Stay frosty!

Open thread.


Bibi Wags The Dog

Lt. Gen. Gadi Eiskenot is the Chief of Israel’s Defense Forces (IDF). Back in March he gave an interview to Haaretz. I want to highlight a couple of his statements (emphasis mine).

Compared with the saber-rattling rhetoric emanating from both Jerusalem and Washington on the Iranian nuclear deal, Eisenkot is cautious, noting that no violations of the agreement by the Iranians “can be seen at present, but we assume that Iran can operate secretly. Therefore, keeping watch on developments there is the No. 1 mission for both the IDF and intelligence agencies. We are investing vast resources in obtaining the best intelligence about Iran and its operational ability,” he says. “If its intentions change, we will know. Right now the agreement, with all its faults, is working and is putting off realization of the Iranian nuclear vision by 10 to 15 years.”

One issue not addressed by the agreement is the Iranian missile project, he says, which is alarming Europe and the Gulf nations as well. “I observe more international will to handle the Iranian missile threat than to reopen the nuclear agreement,” says the chief of staff.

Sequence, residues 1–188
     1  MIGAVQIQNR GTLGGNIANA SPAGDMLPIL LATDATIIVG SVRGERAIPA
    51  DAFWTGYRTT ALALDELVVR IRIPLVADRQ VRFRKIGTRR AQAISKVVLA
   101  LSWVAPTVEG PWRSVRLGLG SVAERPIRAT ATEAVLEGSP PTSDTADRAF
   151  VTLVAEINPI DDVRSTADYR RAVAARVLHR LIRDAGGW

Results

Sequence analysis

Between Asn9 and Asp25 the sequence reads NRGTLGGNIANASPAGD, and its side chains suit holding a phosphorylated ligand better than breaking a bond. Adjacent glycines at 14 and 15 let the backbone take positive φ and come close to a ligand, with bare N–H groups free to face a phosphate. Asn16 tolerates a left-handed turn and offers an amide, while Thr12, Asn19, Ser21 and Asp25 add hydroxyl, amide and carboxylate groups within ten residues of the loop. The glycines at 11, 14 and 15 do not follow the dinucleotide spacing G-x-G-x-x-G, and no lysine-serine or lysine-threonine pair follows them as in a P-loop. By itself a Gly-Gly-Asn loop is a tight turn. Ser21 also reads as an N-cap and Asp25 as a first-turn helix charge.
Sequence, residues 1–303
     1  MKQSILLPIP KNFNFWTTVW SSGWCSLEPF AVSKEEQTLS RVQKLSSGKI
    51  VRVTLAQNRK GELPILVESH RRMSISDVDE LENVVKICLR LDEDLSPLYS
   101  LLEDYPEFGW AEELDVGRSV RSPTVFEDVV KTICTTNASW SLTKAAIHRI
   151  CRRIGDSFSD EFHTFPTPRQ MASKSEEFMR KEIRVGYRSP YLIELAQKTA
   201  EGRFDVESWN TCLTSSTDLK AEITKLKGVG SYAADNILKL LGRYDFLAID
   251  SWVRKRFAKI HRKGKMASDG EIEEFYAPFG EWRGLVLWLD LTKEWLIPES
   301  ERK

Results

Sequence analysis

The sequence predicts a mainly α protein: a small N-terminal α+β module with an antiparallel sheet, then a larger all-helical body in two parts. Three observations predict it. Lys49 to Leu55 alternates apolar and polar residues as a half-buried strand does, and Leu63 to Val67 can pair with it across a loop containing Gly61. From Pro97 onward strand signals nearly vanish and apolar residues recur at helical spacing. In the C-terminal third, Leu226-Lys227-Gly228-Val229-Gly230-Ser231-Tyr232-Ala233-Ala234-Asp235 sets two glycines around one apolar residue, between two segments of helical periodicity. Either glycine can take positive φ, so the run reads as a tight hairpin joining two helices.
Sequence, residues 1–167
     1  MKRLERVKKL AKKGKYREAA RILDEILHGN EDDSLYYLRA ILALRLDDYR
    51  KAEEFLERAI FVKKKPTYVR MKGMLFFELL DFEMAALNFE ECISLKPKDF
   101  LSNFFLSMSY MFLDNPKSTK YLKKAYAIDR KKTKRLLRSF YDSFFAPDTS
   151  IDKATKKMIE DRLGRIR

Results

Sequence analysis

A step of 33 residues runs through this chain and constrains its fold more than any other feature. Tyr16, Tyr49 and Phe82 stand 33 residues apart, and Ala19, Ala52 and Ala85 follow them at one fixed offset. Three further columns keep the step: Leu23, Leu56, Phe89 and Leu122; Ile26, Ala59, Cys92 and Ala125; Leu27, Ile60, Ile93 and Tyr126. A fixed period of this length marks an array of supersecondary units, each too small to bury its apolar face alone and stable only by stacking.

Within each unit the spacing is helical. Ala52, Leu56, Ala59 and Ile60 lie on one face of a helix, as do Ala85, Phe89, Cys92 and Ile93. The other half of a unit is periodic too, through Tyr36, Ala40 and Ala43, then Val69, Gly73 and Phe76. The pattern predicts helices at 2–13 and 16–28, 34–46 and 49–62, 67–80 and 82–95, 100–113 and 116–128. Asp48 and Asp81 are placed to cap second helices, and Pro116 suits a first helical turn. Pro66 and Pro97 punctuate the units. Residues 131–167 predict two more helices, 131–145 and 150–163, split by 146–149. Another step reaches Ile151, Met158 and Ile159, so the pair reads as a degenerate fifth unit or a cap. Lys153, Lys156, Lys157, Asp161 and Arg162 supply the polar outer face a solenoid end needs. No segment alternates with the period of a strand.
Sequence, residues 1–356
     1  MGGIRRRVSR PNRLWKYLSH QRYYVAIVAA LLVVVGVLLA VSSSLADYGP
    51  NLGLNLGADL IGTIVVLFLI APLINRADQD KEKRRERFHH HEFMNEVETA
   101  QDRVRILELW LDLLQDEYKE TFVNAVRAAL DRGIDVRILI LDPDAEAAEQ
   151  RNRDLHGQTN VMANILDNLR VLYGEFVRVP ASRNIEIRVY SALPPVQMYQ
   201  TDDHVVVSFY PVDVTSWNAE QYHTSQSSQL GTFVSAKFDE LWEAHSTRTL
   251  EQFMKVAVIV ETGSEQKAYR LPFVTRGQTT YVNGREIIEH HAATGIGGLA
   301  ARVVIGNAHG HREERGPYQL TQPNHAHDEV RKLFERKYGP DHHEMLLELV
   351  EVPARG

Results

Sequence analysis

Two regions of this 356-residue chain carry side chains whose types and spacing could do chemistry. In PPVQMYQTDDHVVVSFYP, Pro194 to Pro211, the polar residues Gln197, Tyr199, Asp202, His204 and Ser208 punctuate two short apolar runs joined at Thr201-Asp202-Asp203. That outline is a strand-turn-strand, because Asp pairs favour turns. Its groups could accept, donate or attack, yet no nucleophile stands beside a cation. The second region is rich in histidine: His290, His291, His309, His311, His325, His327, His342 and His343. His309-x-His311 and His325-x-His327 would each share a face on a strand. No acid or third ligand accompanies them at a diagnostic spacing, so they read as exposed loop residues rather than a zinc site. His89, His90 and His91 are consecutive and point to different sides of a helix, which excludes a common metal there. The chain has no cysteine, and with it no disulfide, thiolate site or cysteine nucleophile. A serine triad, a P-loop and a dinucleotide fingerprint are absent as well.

“Regarding Iran, the window of strategic opportunity is still open in our favor. If the Americans decide to withdraw from the agreement on May 12, we will have to rethink our strategic risk management.”

Eisenkot, as Israel’s Chief of Staff, has made it clear that the JCPOA is working. This is in line with other Israeli military and intelligence leaders over the past couple of years. Here’s Efrain Halevey, former head of Mossad, in a 2015 interview with NPR:

INSKEEP: Halevy does agree with Netanyahu that Iran should be prevented from acquiring nuclear weapons of its own. But he believes that international diplomacy is the best option and that Iran negotiated on issues it said it never would.

HALEVY: I think the United States scored a great success in creating this international coalition to face down the nuclear threat which threatens the world at large. The president put together a coalition of the five-plus-one, of all the permanent members of the Security Council plus Germany. And despite a variety of other issues which the world is seized with, including grave differences between the United States and Russia in the last few years, the president has kept the coalition on the issue, the nuclear threat, together.

INSKEEP: What do you think about when you hear Israeli government officials question details of this agreement? For example, there would not be immediate inspections. There would be a demand for inspection that would have to be dealt with within 24 days or so. The argument is made that there may be opportunities for Iran still to hide elements of their program.